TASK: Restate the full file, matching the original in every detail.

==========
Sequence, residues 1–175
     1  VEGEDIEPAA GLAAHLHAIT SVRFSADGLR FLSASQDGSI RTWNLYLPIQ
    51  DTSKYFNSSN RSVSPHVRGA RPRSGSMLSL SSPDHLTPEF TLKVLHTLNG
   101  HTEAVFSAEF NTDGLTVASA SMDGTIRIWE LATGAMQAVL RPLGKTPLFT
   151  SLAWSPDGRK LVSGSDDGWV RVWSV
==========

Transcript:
Sequence, residues 1–175
     1  VEGEDIEPAA GLAAHLHAIT SVRFSADGLR FLSASQDGSI RTWNLYLPIQ
    51  DTSKYFNSSN RSVSPHVRGA RPRSGSMLSL SSPDHLTPEF TLKVLHTLNG
   101  HTEAVFSAEF NTDGLTVASA SMDGTIRIWE LATGAMQAVL RPLGKTPLFT
   151  SLAWSPDGRK LVSGSDDGWV RVWSV